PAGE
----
An Ombudsman is an official representative of the Commanding Officer and plays a vital role in establishing and maintaining current and accurate communication between the command and its family members.
A brief history and overview
The Navy Family Ombudsman Program promotes healthy, self-reliant families.
Why the word "Ombudsman?" The word "Ombudsman" originated in Scandinavian countries and referred to safeguarding the rights of citizens. Today the concept of the Ombudsman is widely utilized in the fields of government, business and healthcare.
In 1970, Admiral E.R. Zumwalt, Jr., then Chief of Naval Operations (CNO), created the Navy Family Ombudsman Program to improve communication between commands and the families of Sailors who served in them.
In 2006, Admiral Michael G. Mullen, CNO, re-emphasized the importance of the program and signed an updated instruction, highlighting the requirement that all Navy families have access to a Navy Family Ombudsman.
The Ombudsman is a volunteer, appointed by the commanding officer, to serve as an information link between command leadership and Navy families. Ombudsmen are trained to disseminate information both up and down the chain of command, including official Department of the Navy and command information, command climate issues, local quality of life (QOL) improvement opportunities and “good deals” around the community.
Ombudsman also provide resource referrals when needed. They are instrumental in resolving family issues before the issues require extensive command attention.
The command ombudsman program is shaped largely by the commanding officer’s perceived needs of his/her command. The command ombudsman is appointed by and works under the guidance of the commanding officer who determines the priorities of the program, the roles and relationships of those involved in it, and the type and level of support it will receive.
The Chief of Naval Operations (CNO) may appoint two Ombudsmen-at-Large. Traditionally they have been the spouse of the Master Chief Petty Officer of the Navy (MCPON) and another senior military spouse. The Ombudsmen-at-Large are tasked by the CNO to improve family readiness by advising him and the MCPON on matters affecting Sailors and their families.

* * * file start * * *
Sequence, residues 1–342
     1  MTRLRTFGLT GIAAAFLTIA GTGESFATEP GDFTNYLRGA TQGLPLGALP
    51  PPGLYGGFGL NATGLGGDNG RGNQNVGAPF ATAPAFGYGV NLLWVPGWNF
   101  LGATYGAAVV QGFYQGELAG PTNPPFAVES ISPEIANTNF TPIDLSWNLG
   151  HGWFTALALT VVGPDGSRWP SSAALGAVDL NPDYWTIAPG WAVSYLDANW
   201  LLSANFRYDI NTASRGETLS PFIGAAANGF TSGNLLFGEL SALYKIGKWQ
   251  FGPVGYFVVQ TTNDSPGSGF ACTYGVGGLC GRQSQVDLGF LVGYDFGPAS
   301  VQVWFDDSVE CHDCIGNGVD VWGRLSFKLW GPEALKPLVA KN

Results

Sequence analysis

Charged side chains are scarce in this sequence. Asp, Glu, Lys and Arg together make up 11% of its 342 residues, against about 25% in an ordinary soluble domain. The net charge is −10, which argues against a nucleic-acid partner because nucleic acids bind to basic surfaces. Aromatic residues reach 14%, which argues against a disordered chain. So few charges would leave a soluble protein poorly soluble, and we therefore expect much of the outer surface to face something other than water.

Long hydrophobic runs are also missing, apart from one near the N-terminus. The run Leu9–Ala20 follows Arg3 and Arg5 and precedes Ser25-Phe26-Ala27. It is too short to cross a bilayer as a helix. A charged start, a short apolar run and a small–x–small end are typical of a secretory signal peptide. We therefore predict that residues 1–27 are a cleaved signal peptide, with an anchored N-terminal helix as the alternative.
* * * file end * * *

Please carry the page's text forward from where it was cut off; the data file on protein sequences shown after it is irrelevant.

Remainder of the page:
As they travel throughout the Navy, they meet with Navy leadership, Fleet and Family Support Center (FFSC) staff, command family ombudsmen, family members and Sailors. They attend meetings and conferences to gain a better understanding of matters affecting our families and ombudsmen. When they travel, they often hold focus groups composed of ombudsmen and spouses to learn about current issues and concerns.
Ombudsman Program Discussion Group Facebook Page
The Ombudsman Facebook page is a private group for ombudsmen, command leadership and senior leadership spouses, Ombudsman Coordinators and Certified Ombudsman Trainers (COTs). Anyone requesting to join the group must be registered in the Ombudsman Registry. This page provides information and hosts a discussion page where members can share information and post resources, etc. Join the U.S. Navy Ombudsman Discussion Group. After confirming that you are registered in the Ombudsman Registry, you will be able to access the page and communicate with other ombudsmen and leadership.
Ombudsman Contact Information by Command
CFAS : firstname.lastname@example.org
CPR-11 : email@example.com
CTF76 : firstname.lastname@example.org
MCMRON7 : email@example.com
NBHC : firstname.lastname@example.org
NBU-7 : email@example.com
USS America : firstname.lastname@example.org
USS Ashland : email@example.com
USS Wasp: firstname.lastname@example.org
USS Chief : email@example.com
USS Germantown : firstname.lastname@example.org
USS Green Bay : email@example.com
USS Patriot : firstname.lastname@example.org
USS Pioneer : email@example.com
USS Warrior : firstname.lastname@example.org
USS Wasp : email@example.com